A Hedge Fund’s Picks for a Stronger Economy

Richard Meisenberg ACK Asset ManagementRichard S. Meisenberg is the manager and founder of ACK Asset Management, a hedge fund created in 2005 that specializes in small cap and mid cap equities. The fund details on its website that it capitalizes on mid-cap and small-cap companies because they are both the largest segment of the market and the least efficiently priced. A broad economic outlook, a long/short strategy, and an eye for catalysts are the mainstays of Meisenberg’s strategy. Before founding ACK Asset Management, Meisenberg was an analyst for small- and mid-cap stocks at Oppenheimer & Co. and Smith Barney, as well as a founding partner of Palisade Capital Management. ACK Asset Management was co-founded with John H. Reilly III, who is a managing partner.

The following reviews the fund’s equity holdings as revealed in its 13F regulatory filing (you can view the entire portfolio here). Each of these companies occupies at least 5 percent of ACK Asset Management’s 13F portfolio, and they all have market caps below $2 billion.


Emcor Group Inc (NYSE:EME) is an construction and facilities services firm specializing in energy infrastructure that operates about 70 subsidiaries and joint venture entities in the United States and the United Kingdom. The company’s shares are up 12 percent year-to-date and are trading at 12.5 times forward consensus earnings. One of the company’s subsidiaries, Harry Pepper & Associates, was recently awarded a 5-year contract from NASA to maintain and provide engineering services for one of its sites in Mississippi. The company’s return on equity of 10.4 percent is below that of the BMI industrials average of 14 percent, and the company operates at a narrow profit margin of 2.3 percent.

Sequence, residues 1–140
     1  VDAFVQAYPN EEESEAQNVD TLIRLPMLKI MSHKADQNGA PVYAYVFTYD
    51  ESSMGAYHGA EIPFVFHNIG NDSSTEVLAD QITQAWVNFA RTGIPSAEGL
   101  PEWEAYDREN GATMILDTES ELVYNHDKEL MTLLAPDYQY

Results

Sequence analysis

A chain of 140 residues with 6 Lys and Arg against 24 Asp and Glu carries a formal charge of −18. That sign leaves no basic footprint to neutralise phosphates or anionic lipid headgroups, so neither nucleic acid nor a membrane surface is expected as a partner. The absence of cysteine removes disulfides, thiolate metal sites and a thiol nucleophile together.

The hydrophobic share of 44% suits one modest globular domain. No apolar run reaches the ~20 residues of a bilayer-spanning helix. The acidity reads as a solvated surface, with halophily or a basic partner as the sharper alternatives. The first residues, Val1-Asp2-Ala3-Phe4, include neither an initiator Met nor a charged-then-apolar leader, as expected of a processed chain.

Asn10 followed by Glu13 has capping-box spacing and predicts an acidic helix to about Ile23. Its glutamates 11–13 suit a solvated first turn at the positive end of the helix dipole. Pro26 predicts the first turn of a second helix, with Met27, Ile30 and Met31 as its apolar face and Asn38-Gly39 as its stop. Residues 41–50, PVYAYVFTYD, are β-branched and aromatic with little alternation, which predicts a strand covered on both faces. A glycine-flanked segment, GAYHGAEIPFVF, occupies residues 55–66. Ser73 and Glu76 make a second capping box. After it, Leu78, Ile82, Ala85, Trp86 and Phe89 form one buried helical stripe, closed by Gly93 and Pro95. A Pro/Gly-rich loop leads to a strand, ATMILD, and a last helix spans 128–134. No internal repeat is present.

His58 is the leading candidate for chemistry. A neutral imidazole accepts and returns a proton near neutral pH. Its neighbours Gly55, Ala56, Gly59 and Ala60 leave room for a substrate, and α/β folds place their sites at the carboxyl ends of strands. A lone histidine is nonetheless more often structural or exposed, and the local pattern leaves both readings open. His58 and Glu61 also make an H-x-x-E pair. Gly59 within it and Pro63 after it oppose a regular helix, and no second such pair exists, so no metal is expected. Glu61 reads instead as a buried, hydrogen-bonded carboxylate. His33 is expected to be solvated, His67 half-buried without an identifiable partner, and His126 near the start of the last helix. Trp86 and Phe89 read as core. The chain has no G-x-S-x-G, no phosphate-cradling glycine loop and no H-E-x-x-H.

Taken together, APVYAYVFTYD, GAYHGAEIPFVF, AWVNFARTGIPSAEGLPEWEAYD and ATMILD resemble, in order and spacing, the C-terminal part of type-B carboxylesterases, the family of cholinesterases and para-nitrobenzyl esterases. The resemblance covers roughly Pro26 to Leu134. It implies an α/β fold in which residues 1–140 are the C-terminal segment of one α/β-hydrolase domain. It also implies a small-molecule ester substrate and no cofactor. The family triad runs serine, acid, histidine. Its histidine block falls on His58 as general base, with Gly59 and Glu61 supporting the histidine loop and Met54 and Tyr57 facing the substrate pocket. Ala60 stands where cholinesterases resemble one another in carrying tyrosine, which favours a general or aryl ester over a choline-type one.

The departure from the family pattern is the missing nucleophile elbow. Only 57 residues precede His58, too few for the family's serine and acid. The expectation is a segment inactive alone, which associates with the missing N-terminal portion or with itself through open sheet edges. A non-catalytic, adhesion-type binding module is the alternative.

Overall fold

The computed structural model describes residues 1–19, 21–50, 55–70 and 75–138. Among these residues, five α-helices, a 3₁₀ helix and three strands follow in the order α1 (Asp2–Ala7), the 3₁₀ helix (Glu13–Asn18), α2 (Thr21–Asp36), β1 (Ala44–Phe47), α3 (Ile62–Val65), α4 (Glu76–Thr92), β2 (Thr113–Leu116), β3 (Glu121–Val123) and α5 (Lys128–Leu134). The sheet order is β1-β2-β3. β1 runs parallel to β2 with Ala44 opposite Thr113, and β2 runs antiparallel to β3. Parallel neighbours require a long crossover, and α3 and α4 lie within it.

Dycom Industries Inc. (NYSE:DY) missed on both its earnings and revenues estimates for the second quarter and is seeing steadily shrinking margins. The company’s earnings per share of $0.39 was 2 cents below S&P estimates. Shares are valued at 11.2 times forward earnings, which is below the BMI industrials average of 14 times forward earnings. Dycom provides a number of contracting services and, like Encor, executes construction and maintenance projects, though it focuses on telecommunications-oriented contracts. Unlike Encor, Dycom Industries, Inc. has a 32 percent long-term debt to capital ratio, which has steadily grown since 2008.

Capital Senior Living

Up 71 percent year-to-date, Capital Senior Living Corporation (NYSE:CSU) operates 84 senior living facilities with a total approximate capacity of 11,800 residents. The company has a growth-centered valuation, with shares trading at 38 times forward earnings. Additionally, the price/earnings to growth (PEG) of the company is 4 (closer to one is better), indicating that the company’s P/E is about 4 times the company’s estimated 5-year earnings growth. Generally, earnings growth should match P/E, so even as a growth stock, its shares looks expensive. That said, JMP Securities has a price target of $18 for the stock.

Rogers Corporation

Rogers Corporation (NYSE:ROG) provides a number of materials for communications, transit, and defense infrastructure and maintains a clean technologies division. The company recently displayed its special circuit material, which increases overall performance of high-speed digital circuits, known as Theta ®. The company’s shares have a forward P/E of 15.8, and the company has a tight cost structure, with a profit margin of 3.8 percent.

Meisenberg’s portfolio contains a number of industrial businesses that operate on thin margins and are relatively sensitive to market fluctuations (these top four holdings, about 24 percent of the portfolio, have a beta of 1.5 or higher). Nevertheless, this is an interesting portfolio for those looking to play a strengthening economy.